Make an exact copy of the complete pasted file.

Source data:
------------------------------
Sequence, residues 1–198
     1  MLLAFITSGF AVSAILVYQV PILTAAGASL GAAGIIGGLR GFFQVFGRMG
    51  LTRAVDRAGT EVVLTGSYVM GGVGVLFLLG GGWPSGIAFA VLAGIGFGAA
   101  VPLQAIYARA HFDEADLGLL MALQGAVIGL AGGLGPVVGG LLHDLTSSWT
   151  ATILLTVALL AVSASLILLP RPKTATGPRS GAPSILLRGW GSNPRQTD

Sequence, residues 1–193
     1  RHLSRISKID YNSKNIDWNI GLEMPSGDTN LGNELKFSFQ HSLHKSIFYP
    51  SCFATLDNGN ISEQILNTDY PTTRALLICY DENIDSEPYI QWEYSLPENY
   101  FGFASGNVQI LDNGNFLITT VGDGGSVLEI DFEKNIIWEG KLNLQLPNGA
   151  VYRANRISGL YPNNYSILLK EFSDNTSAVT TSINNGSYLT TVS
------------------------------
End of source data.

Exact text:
Sequence, residues 1–198
     1  MLLAFITSGF AVSAILVYQV PILTAAGASL GAAGIIGGLR GFFQVFGRMG
    51  LTRAVDRAGT EVVLTGSYVM GGVGVLFLLG GGWPSGIAFA VLAGIGFGAA
   101  VPLQAIYARA HFDEADLGLL MALQGAVIGL AGGLGPVVGG LLHDLTSSWT
   151  ATILLTVALL AVSASLILLP RPKTATGPRS GAPSILLRGW GSNPRQTD

Sequence, residues 1–193
     1  RHLSRISKID YNSKNIDWNI GLEMPSGDTN LGNELKFSFQ HSLHKSIFYP
    51  SCFATLDNGN ISEQILNTDY PTTRALLICY DENIDSEPYI QWEYSLPENY
   101  FGFASGNVQI LDNGNFLITT VGDGGSVLEI DFEKNIIWEG KLNLQLPNGA
   151  VYRANRISGL YPNNYSILLK EFSDNTSAVT TSINNGSYLT TVS